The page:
In Part 1 of this article my conclusion was that comprehensive schools had hurt social mobility because middle-class parents were deserting state education and sending their kids into some form of private education. I didn’t want to give the impression that’s all well in our comprehensive schools, it’s just that there may be reasons other than the schools themselves that act as break on working class and lower middle class kids reaching the top jobs.
At this point I would like to dedicate just one paragraph to Oxbridge, the Oxford and Cambridge Universities. There can be little doubt that their recruitment policies have a lot to do with the narrowing of opportunity for working class kids to break into the world of senior civil service and corporate positions. This has definitely got worse, even though there is evidence that kids from the state schools tend to do better in university even though their A-Level grades may not be as good. There has to be a suspicion when we look at the likes of the government front bench that these universities give advantages to those in the same social class as most of the university teaching and administration staff. Governments must use the financial power they possess over the universities to bring them onboard a movement to widen the range of pupils they recruit.
OK, having got that out of the way, let’s look at some of the other criticisms of state education I started Part 1 with.
Kids leave school without being able to read and write and having poor arithmetic skills. European immigrants are preferred by employers to British kids. Teachers with their gold-plated pensions and log summer holidays still can’t weed out the mediocre, the poor and the just plain bad from their profession.
So for first part about kids not getting a good education from the state schools, let’s look deeper at this. I have a feeling if I wanted to go look at statistics I could find some supporting this idea as well as some showing the exact opposite. Instead I will use empirical data collected in a very limited sample by myself just by talking with kids in or connected to my family who were educated in comprehensive schools.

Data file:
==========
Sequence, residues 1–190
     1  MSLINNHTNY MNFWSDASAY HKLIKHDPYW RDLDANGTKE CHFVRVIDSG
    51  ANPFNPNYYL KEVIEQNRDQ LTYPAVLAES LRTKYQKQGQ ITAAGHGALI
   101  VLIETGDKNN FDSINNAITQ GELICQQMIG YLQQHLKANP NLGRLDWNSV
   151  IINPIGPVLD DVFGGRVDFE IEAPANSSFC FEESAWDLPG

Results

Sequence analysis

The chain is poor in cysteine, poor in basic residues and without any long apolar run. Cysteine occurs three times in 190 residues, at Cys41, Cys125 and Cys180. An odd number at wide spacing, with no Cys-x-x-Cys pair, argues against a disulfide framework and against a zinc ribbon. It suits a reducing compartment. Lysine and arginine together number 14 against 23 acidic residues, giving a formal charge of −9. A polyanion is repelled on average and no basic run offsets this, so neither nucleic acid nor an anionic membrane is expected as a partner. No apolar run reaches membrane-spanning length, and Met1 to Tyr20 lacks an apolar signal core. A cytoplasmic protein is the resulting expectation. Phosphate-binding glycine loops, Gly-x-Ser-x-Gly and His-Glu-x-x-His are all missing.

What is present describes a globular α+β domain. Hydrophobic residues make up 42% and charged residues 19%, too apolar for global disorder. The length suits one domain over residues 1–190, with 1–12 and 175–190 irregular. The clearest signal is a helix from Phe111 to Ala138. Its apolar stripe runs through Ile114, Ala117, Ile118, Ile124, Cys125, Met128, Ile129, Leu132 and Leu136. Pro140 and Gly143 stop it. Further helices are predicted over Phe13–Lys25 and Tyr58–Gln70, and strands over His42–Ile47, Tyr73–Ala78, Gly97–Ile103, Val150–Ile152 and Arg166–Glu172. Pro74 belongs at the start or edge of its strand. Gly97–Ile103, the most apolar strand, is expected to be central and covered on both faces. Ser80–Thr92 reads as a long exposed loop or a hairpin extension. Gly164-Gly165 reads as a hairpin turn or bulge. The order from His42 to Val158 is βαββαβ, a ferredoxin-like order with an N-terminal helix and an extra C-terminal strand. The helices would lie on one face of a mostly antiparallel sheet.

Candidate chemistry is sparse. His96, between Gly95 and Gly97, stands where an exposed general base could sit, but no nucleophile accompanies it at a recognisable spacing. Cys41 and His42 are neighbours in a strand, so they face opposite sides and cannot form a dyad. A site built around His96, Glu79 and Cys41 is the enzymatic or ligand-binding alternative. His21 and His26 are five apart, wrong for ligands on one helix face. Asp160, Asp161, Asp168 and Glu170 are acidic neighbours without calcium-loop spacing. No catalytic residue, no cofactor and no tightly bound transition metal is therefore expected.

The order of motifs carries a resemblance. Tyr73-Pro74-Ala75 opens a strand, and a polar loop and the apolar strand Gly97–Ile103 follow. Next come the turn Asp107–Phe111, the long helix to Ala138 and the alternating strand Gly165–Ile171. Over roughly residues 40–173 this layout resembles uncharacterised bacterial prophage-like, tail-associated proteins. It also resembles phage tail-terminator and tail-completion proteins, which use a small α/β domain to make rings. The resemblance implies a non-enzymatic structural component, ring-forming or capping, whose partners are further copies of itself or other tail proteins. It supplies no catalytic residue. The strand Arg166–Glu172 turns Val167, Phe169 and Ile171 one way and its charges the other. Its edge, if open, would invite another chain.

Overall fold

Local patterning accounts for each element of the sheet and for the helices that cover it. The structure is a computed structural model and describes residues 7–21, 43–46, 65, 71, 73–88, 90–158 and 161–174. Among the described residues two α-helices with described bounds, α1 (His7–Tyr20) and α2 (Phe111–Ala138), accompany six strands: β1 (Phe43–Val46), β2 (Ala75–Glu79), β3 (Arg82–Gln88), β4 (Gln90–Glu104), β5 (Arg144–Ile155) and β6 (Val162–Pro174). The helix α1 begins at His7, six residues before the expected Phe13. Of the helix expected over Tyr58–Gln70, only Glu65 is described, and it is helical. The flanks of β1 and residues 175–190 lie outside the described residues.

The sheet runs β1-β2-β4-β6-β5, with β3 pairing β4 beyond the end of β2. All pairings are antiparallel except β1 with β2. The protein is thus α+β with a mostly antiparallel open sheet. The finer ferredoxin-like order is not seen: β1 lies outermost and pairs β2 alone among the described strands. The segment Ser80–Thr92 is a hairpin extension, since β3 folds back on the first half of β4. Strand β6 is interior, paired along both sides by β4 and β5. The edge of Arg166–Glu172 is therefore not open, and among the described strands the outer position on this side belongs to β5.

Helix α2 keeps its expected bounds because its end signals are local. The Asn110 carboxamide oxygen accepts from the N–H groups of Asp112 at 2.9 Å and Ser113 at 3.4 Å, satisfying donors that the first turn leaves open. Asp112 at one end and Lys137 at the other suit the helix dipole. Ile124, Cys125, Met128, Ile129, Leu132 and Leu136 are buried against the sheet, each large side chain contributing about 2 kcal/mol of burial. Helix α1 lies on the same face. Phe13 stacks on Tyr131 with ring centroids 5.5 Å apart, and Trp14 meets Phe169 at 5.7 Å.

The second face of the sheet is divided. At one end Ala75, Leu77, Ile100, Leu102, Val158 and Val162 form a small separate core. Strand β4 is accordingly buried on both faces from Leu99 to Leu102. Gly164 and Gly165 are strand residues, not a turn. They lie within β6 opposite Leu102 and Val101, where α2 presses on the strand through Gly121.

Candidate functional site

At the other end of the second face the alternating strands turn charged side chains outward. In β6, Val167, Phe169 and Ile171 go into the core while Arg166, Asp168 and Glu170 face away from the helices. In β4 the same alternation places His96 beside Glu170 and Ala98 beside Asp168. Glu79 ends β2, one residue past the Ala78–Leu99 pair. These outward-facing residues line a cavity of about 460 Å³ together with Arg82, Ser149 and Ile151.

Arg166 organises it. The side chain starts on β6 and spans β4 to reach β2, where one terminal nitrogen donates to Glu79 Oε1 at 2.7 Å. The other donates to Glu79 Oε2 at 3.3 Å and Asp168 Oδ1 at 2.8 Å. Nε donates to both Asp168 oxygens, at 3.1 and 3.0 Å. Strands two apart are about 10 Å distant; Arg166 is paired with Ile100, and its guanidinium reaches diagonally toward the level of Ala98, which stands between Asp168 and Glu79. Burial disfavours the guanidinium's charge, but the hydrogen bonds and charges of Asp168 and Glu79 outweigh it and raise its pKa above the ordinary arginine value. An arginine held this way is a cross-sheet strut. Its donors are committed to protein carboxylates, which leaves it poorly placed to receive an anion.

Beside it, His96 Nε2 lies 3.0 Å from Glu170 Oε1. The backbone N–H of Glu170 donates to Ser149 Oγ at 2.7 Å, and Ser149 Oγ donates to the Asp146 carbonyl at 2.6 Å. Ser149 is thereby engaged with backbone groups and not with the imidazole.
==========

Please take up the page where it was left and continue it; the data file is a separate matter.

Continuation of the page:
Now these kids range from one who is now a surgeon to another more recent school-leaver who has an ‘apprenticeship’ in McDonalds. The first thing that strikes me is that by the time they reached their mid-teens, how much smarter they are than I was at that age. And I have to say, not only smarter, but more mature, which I’m not sure is such a good thing. I just can’t see this education failure that gets trotted out so regularly about the lack of reading and arithmetic skills. Is it really worse than it was 50 years ago? I doubt it. There will always be some who struggle, and also some badly led schools or schools in areas with their own particular problems, but the overall quality of the kids to me is good. My thoughts on the early maturing will come a bit later.
Now the second part of the moan is about the quality of teachers. Now here I have some sympathy with the complaints. The teaching profession is too important to allow poor and mediocre teachers to stay in it. Somehow the profession has to weed out those that will do the kids they are teaching no good. I don’t ask that all teachers have a vocation, just that those who bring nothing to the teacher’s desk be moved on. The old saying that ‘those who can, do, while those who can’t, teach’ should not be accepted. We have moved on so far in just my lifetime. Sadistic behaviour by teachers is no longer accepted as it once was. So let’s have a proper measurement of teachers ability.